BMI View : As tight fiscal budgets continue to restrict medicine sales in developed markets (primarily Europe, but also the US, and to a lesser extent Japan, Australia and Canada), pharmaceutical companies that have a strong presence in emerging markets will continue to benefit from the growing demand for medicines in these ' non-traditional ' markets. However, risks exist in emerging markets - including industry specific concerns (such as low per-capita spending, poor access to healthcare facilities and a lack of adherence to intellectual property laws) and those emanating from the state's political/economic profile (such as high inflation) that will pose as risks to investment . As the end of 2013 approaches, we look forward to 2014 and identify pharmaceuticals markets that will present the most opportunity and risk in the next 12 months.
Multinational pharmaceutical companies will continue to capitalise on Latin America's increasing demand for advanced medicines in 2014. However, as they deepen their ventures in the region, major drugmakers are more exposed than ever to local political and macroeconomic changes. Sustained success will come from more proactive approaches to understand and embrace local trends and developments in each individual market.
As governments focus on meeting debt reduction targets, we believe the pharmaceutical industry will remain a focus for cost containment in 2014, especially because of the relative ease with which governments can target the sector, rather than pursuing less politically friendly cuts such as reducing the number of hospital beds. While governments have implemented harsh measures such as price cuts on medicines in previous years, in 2014, we believe growth in the region's pharmaceutical market will be restricted as a result of government efforts to ensure cost effective pricing and rational prescribing of medicines, and a shift towards greater patient contribution towards healthcare costs.
Central & Eastern Europe
Within the Central and Eastern European markets, 2014 offers growth from periphery countries and decline in the heart of Europe. While markets such as Russia and Kazakhstan will continue on their growth trajectories, this will come with the caveat of persistent risk. Central European markets such as Hungary will continue to decline or stagnate as the overriding concern will be to suppress pharmaceutical expenditure and balance budgets. Generic drugmakers will benefit primarily in all markets as affordability of medicines and ensuring access remains the priority of the healthcare systems throughout the region.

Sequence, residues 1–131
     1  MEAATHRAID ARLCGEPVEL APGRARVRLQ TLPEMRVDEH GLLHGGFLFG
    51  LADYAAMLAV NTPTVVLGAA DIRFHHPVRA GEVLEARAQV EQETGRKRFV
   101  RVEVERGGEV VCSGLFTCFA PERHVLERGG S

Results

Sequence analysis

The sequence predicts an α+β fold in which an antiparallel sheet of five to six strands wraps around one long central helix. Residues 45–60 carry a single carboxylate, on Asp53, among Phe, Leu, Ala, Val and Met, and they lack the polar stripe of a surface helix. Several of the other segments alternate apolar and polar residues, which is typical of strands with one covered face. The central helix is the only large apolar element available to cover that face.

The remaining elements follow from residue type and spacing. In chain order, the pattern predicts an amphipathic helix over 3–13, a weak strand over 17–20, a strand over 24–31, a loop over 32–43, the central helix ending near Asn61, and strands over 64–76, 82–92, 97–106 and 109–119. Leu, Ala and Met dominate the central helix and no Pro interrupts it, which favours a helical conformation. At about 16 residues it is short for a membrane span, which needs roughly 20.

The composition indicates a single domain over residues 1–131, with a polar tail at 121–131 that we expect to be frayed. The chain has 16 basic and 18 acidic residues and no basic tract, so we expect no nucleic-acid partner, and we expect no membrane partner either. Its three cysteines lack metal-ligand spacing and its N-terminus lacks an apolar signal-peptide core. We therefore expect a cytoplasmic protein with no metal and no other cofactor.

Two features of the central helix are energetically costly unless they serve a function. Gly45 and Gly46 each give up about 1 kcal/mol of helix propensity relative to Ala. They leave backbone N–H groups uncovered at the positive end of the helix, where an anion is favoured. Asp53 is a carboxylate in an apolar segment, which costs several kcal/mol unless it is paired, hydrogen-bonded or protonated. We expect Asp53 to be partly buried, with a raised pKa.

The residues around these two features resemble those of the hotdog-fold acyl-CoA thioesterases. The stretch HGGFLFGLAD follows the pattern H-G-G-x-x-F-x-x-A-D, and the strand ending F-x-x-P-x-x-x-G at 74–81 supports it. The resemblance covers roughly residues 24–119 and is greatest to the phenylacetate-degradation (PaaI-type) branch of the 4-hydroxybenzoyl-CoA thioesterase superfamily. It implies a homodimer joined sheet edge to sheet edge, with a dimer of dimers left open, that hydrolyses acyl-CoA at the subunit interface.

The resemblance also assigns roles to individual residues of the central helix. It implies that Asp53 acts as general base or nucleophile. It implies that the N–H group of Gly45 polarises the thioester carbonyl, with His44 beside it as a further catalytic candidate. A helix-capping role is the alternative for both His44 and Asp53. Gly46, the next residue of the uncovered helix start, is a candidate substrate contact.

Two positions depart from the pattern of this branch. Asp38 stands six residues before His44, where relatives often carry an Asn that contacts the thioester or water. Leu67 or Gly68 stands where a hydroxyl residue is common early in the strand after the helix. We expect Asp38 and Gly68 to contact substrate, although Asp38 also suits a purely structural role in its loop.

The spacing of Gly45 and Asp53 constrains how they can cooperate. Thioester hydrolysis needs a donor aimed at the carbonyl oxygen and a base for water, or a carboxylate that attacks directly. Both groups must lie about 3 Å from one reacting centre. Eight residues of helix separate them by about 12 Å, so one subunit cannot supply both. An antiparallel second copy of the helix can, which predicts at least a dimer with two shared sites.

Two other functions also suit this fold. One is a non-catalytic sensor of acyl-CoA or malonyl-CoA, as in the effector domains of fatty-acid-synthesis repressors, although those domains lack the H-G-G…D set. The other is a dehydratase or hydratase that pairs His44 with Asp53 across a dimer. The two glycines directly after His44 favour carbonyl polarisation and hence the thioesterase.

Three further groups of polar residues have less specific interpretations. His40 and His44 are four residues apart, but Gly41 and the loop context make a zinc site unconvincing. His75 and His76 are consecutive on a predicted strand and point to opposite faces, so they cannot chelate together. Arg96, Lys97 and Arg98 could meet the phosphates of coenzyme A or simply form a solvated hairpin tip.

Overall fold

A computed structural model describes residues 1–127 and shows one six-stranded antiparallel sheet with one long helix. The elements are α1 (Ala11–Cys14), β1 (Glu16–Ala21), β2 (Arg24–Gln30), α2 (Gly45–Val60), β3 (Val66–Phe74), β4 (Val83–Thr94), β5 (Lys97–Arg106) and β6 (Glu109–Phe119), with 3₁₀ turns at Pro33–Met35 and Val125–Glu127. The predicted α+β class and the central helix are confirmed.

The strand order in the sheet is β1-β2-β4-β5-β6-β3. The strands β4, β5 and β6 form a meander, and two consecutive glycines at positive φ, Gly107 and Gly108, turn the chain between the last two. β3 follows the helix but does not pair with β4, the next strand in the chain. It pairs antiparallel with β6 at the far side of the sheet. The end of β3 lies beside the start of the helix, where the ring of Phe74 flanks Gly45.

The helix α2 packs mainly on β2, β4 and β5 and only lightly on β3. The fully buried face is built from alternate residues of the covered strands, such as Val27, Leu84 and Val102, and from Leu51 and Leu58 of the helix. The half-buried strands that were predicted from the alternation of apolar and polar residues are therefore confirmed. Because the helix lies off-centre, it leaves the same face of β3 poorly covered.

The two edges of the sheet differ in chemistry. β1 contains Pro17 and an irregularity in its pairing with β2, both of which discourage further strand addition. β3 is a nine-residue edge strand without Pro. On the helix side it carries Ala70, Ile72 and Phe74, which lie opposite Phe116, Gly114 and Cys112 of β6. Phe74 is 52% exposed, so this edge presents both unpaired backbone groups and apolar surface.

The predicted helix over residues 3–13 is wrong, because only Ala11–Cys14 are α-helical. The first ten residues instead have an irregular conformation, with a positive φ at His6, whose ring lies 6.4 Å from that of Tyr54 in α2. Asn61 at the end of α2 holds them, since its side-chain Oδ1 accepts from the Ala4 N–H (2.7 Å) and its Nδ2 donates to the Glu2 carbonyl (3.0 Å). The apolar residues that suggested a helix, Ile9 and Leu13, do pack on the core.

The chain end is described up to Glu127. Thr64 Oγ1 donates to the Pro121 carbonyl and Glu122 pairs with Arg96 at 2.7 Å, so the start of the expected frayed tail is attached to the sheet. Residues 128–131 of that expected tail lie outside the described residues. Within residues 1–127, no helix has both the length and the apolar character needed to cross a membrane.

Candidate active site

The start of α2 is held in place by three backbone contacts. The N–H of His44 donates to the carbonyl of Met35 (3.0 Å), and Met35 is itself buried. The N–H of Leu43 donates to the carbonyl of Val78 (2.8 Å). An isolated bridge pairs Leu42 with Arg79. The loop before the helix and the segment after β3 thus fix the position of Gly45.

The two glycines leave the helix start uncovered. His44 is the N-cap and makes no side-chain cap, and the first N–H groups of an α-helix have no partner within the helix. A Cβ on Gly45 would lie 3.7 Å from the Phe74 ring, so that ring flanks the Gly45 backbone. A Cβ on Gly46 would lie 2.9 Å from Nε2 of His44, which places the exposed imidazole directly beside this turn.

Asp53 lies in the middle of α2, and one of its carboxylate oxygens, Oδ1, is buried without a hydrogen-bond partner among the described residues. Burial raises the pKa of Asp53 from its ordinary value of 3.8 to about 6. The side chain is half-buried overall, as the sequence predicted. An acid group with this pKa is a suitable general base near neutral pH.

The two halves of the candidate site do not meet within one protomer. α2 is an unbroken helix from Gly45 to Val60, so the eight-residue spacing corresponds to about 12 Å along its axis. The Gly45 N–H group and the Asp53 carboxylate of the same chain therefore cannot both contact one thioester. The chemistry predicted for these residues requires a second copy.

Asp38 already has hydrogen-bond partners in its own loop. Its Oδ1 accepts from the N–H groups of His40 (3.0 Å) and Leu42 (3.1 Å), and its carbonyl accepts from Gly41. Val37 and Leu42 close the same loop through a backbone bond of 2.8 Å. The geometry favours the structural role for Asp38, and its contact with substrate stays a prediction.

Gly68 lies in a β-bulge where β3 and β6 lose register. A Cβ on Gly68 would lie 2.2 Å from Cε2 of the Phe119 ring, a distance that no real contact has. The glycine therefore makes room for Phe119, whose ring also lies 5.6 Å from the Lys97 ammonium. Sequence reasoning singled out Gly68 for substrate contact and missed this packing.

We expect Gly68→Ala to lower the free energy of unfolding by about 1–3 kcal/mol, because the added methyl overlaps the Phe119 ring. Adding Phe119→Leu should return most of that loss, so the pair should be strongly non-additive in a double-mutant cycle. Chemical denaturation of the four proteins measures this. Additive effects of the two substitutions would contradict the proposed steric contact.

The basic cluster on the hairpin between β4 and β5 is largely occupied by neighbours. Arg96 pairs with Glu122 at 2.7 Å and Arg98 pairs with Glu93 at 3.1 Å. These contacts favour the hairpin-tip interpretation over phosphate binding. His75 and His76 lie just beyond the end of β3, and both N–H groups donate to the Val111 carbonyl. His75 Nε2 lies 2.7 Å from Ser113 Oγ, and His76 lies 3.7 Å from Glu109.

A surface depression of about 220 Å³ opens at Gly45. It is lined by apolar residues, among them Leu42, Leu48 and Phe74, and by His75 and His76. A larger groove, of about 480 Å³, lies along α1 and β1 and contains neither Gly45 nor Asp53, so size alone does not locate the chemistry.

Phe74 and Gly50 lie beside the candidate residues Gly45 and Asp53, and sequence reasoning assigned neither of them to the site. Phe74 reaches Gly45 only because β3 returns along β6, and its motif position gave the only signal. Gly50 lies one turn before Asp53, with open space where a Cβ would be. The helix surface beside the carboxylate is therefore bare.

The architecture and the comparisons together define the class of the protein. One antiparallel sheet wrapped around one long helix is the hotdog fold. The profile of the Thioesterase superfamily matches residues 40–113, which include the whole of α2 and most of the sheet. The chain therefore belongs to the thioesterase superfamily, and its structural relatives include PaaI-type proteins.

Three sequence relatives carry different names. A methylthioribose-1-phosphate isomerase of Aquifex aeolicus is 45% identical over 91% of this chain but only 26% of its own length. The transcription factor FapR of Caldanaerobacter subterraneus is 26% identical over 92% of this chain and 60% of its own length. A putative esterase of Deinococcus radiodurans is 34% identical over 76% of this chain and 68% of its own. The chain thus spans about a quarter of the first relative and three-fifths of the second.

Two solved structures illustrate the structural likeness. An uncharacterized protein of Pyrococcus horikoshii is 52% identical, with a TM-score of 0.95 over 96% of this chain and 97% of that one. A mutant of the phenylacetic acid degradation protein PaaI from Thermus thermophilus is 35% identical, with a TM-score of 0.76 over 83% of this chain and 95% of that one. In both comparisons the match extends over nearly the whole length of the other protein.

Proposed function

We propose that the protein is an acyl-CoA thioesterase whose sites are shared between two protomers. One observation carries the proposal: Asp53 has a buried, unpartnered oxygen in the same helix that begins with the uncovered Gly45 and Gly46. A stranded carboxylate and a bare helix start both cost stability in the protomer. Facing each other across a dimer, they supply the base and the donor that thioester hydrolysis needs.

The diverse nature of the pharmaceutical sector in the Asia Pacific region means that different stakeholders will stand to benefit from different countries in the region. We particularly highlight the rising importance of elderly care, which will benefit nursing home providers, medical device companies and pharmaceutical firms looking to enter developed countries in the region. Meanwhile, generic drug firms will benefit from the increased use of generic medicines in the region, although the common theme of price containment will bring downside risks to the pharmaceutical industry.
Middle East & Africa
The pharmaceutical markets of the Middle East and Africa are becoming increasingly penetrated by international drugmakers due to their large populations, economic development- allowing for better financial and geographical access to healthcare services - and continued heavy reliance on imported medicines. BMI's pharmaceutical expenditure model reveals that Ghana and Kenya will experience the fastest increase in medicine sales among Middle East and African countries in 2014 at 18.8% and 16.2% respectively. Following them are the fastest growing Middle East countries, namely Qatar (14.0%) and Bahrain (11.5%).